Playmor Junction 2840 Eden Rd. • 359.5065 Sundays at 10:00 am Pastor Jesse Lerch

3. He was willing to step out.

He had opposition, he had trouble, and the task seemed impossible. In the end, God came through. The story ends like a Hollywood script; wall built, people happy, and Nehemiah is revered as a hero. It may be that you too are facing a huge challenge, problem at work or conflict in relationships. The way A Friendly Bible to victory is not to run, Centre Church hide or make excuses. Sunday Morning Worship 10:00 am God gave him success “What God Forgets” because of three Also: Wed. 7:00 pm principles he enacted: ‘Laugh Your Way To A Better Marriage’

Covenant Church 702 Stanley St. • 352.9613 Sundays at 10:00 am Pastor Arden Gustafson Pastor Chris Wiens

and put feet to his faith. It is one thing to be passionate about something; it is another to be willing to sacrifice one’s own comforts for the betterment of others. God likes that; it is the characteristic of Jesus.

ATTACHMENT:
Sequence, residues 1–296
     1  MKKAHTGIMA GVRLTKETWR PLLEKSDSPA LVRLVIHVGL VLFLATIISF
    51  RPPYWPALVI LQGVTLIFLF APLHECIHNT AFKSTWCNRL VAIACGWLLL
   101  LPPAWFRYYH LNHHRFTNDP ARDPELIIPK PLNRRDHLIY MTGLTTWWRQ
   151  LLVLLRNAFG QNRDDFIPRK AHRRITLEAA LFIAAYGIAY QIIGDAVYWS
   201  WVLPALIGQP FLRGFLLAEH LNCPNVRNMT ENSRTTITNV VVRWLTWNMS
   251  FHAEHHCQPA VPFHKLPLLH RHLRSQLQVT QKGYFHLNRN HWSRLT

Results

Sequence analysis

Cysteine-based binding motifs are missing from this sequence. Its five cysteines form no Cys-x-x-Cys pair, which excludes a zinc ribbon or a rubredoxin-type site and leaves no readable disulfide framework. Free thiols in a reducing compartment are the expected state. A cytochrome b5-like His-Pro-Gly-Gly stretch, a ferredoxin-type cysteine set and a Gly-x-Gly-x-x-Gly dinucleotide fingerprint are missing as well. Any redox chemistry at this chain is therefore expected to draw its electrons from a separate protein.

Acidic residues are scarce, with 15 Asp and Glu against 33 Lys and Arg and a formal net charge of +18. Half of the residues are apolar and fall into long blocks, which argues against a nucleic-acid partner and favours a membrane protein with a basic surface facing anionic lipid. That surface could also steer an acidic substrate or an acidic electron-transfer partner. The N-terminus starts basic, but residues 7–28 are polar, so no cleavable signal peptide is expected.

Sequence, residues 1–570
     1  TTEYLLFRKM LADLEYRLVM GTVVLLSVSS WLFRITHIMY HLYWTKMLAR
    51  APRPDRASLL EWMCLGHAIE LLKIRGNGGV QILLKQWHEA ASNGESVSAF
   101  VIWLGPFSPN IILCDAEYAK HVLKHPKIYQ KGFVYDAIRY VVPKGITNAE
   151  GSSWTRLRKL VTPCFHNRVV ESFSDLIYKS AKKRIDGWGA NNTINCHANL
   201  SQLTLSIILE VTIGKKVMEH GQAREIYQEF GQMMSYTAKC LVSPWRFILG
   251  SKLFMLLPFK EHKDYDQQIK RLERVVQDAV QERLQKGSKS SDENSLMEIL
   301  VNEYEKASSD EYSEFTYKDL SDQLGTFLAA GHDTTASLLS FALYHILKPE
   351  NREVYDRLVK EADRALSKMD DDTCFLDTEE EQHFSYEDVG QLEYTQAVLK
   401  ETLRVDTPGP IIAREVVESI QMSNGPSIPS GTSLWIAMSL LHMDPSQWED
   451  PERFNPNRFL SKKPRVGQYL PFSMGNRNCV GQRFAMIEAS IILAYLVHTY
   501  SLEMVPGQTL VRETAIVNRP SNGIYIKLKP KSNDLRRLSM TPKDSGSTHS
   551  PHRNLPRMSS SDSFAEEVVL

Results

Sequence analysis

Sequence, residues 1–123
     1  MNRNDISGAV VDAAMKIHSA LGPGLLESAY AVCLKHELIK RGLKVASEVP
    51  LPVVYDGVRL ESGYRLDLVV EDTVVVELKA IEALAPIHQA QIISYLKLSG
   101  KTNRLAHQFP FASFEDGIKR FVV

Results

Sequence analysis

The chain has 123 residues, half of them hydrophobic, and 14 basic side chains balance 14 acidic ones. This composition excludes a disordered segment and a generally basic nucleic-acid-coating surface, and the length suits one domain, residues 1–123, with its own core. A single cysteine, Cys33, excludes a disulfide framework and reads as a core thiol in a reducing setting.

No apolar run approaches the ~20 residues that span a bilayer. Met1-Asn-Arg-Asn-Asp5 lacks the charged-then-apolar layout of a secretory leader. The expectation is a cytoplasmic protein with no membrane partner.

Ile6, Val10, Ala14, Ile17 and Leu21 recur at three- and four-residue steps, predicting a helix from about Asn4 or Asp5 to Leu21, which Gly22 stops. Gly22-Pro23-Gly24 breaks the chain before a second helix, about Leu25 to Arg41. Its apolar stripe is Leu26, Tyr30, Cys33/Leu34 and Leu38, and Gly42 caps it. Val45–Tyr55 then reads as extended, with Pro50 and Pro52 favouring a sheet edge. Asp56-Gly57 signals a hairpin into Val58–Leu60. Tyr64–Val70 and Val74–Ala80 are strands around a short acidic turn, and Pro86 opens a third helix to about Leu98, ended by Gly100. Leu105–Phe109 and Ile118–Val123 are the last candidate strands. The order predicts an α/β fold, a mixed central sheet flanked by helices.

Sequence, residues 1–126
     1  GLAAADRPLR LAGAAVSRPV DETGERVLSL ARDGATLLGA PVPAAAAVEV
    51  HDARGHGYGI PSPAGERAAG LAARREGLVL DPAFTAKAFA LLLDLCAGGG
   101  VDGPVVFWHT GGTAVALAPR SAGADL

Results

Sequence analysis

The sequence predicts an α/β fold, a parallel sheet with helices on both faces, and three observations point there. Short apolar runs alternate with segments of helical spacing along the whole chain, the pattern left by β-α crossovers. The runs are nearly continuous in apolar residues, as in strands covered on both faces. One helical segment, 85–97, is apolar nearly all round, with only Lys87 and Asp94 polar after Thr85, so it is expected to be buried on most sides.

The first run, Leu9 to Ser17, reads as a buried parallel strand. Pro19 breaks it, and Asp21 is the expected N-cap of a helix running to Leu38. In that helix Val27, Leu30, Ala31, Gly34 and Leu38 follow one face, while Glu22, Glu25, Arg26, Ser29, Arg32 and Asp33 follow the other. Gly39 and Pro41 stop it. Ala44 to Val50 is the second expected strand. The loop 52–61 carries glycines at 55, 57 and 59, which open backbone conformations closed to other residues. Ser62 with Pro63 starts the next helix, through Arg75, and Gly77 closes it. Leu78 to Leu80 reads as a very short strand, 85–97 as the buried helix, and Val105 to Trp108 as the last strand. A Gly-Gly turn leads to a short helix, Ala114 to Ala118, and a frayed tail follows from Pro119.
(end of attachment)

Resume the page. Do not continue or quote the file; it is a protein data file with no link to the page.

Any questions? Contact 250-354-5394 905 Gordon Rd (IHA Bldg., back door)

Anglican Church of Canada St. Saviour's ProCathedral

Ward & Silica, Nelson Family Service & Eucharist Sunday 10:30 AM

Sunday @ 10:30AM Central School Gym

St. Matthew's Village Road, South Slocan Sunday 9:30 AM (No service third Sunday) Office: 8am - 1pm Tue - Fri

250.352.5711 St. Michael & All Angels Busk Road Balfour Sunday 11 AM

Corner of Ward and Mill, Nelson

• Developing Relationships • Music that will move you • Helping people - Help people

Jim Reimer

The Salvation Army Nelson Community Church

Sunday Worship Service at 11:00 am Everyone is Welcome Your Pastors:

Majors Robin and Yvonne Borrows 250 551 4986

601 Vernon Street (Middle Level)


CATHEDRAL OF MARY IMMACULATE 813 Ward Street 352-7131 Sunday Mass Times: • Saturday 7:00pm • Sunday 8:30 am and 10:30 am Parish office open Tuesday – Friday 9:00 am - noon •

First Baptist Church

1 -888-7 6 1 -3301

First Baptist Church